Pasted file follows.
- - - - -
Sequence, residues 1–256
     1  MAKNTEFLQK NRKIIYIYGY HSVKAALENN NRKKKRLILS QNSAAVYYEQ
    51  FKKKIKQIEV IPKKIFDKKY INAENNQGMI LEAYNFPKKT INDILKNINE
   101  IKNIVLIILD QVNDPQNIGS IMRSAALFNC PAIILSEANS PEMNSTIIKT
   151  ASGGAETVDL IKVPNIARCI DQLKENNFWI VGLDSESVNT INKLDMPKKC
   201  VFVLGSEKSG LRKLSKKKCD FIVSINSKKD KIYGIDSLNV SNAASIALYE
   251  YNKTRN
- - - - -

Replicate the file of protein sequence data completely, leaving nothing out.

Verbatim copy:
Sequence, residues 1–256
     1  MAKNTEFLQK NRKIIYIYGY HSVKAALENN NRKKKRLILS QNSAAVYYEQ
    51  FKKKIKQIEV IPKKIFDKKY INAENNQGMI LEAYNFPKKT INDILKNINE
   101  IKNIVLIILD QVNDPQNIGS IMRSAALFNC PAIILSEANS PEMNSTIIKT
   151  ASGGAETVDL IKVPNIARCI DQLKENNFWI VGLDSESVNT INKLDMPKKC
   201  VFVLGSEKSG LRKLSKKKCD FIVSINSKKD KIYGIDSLNV SNAASIALYE
   251  YNKTRN